Anansi continued his journey, and after a while, he became tired, so he sat down by the roadside. Along came a man with a chicken in his hand. Anansi asked the man how he was. The man answered that he was fine but then asked if he knew him. “You must know me. I am Anansi” answered Anansi. The man wondered, “Anansi!”, and then after a pause shouted, “Aaah, Anansi, God’s spider. How are you, Sir?” Anansi then asked him, “What do you intend to do with this chicken?” The man answered, “Kill it and eat it with my family, Sir” Anansi thought for a while and then said, “By the looks of it, I believe it is good for one meal only”. The man answered affirmatively. Back and forth the conversation went on until Anansi persuaded the man to give him the chicken in exchange of the corn basket. The man accepted saying, “Thank you, Sir! This corn is enough to feed us until the end of the month. My wife will be happy”, and then wished Anansi a safe journey after advising him to look out for the hyenas ahead of him.
When Anansi reached the next village, he introduced himself as God’s spider and that he was on a sacred mission and asked for a night’s lodging. The chief immediately accommodated him. Anansi, then asked him for a safe place to keep the fowl since it belonged to God and must not be lost or harmed. The chief put the fowl in the fowl-house.
In the middle of the night when everybody was fast asleep, Anansi awoke, killed the fowl and daubed its blood and feather on the chief’s door, and at dawn made a big cry, “The bird is gone. It is gone, and I am going to lose my position as God’s captain”. Everybody started looking and suddenly Anansi said, pointing to the blood and feather on the chief’s door, “Look at that!” and then added with a hint of threatening, “That feather looks familiar”. The chief, who knew that he drank a little too much yesterday, begged Anansi for forgiveness and gave him ten sheep to calm his anger.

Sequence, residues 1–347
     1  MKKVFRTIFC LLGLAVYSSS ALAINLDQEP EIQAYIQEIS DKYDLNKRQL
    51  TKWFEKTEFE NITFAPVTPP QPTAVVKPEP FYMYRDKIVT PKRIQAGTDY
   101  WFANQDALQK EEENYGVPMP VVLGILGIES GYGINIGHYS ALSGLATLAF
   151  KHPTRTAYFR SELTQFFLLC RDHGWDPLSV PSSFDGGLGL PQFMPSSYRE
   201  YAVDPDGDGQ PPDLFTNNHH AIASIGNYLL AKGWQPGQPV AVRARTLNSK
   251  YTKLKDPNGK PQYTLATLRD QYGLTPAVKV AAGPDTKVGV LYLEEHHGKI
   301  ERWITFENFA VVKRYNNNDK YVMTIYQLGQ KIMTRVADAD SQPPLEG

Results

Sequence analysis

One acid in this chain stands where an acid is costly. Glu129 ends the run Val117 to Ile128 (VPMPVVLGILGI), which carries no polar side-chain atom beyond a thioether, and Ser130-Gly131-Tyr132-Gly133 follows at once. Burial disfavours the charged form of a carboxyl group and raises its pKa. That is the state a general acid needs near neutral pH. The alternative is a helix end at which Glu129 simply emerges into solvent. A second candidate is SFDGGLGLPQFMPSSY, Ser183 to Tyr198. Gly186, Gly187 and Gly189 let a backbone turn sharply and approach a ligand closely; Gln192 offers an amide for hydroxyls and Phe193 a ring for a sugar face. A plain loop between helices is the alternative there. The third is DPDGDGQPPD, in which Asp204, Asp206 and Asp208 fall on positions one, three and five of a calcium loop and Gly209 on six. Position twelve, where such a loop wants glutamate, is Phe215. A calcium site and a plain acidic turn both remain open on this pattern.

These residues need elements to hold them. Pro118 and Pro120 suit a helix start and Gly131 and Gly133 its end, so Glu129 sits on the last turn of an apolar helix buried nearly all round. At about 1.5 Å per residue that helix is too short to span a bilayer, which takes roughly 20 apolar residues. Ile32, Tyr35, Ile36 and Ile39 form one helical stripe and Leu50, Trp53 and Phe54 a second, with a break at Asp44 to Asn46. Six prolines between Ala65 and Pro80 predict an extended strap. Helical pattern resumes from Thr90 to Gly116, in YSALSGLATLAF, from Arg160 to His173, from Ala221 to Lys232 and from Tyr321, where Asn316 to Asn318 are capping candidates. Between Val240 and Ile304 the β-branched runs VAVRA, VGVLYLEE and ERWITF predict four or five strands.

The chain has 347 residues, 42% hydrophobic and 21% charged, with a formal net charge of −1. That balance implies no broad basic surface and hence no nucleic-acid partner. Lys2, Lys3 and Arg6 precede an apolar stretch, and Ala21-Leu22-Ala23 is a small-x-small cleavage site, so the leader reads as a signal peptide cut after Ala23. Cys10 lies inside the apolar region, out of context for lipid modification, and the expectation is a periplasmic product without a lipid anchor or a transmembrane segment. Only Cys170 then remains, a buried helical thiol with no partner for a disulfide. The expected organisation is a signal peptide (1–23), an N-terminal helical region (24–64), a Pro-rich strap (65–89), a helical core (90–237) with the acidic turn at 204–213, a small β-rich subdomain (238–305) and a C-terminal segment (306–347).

While Anansi was resting on the way grazing the sheep, there came along some people carrying a corps. Anansi asked them whose corps that was. The people replied that it belonged to a young man who died far away from his village and that they were taking the body back to the boy’s family. “You’re a very lucky bunch. I am going into that direction, too, and I know the village. I am God’s spider, by the way” Anansi said. The people shouted in one voice, “Are you Anansi?” ─ “Yes, yes” Anansi answered affirmatively and offered to take the dead body, if they would free him from the sheep. The people were glad to take the sheep and spare themselves the peril of walking all the way to the village carrying the dead body on their shoulders. After all, they said to themselves that they have given the body to God’s spider.
In the next village, Anansi said to its chief, “This is the favorite son of God. He is asleep and needs a place to rest in”. The chief prepared the best room in the house for the son of God, and after they ate, drank and sang, they all went to bed. In the morning, Anansi saw some of the chief’s children, so he asked them, “Children, could you do me a favor?” - “Anything for God’s spider” the children said. Anansi said, “Thanks! Can you awake God’s son. And remember he is a heavy sleeper. You can flog him if you have to. Just wake him up”. The children did but the son of God did not awake. So the children told Anansi who immediately went to the room and uncovered the body, but then cried that the children have killed God’s son. There was a great wailing among the people as they were terrified of God’s wrath and revenge.
At night, Anansi called for a conference and told the chief and the temple chief priest that he would have to report the matter to God and that he had already designed a plan to appease God, but they would have to give him one hundred twenty young man to witness that they, the people of the village, not him, Anansi, were responsible for the death of God’s son. The chief, the priest and the people were pleased and gladly agreed to Anansi’s suggestion.
In God’s presence, Anansi announced proudly in front of Thu’banu, “Here they are, Almighty One. The slaves I promised you in lieu of the number of the corns on the cob you have given me”. Disbelieving his eyes, Thu’banu started counting the young men, but God said while His laughter traveled so fast in every dimension of the cosmos, “Stop counting, Thu’banu! I already know how many they are” ─ “One hundred twenty slaves” announced Anansi triumphantly and then rubbing it in Thu’banu’s nose, he advised Thu’banu not to forget to enter the number in the books of wisdom.
God then announced Anansi to be his Official Officer. But ashamed, wise Thu’banu ceased flecking his tongue and dropped his head; lips sealed. He never dared challenge Anansi again.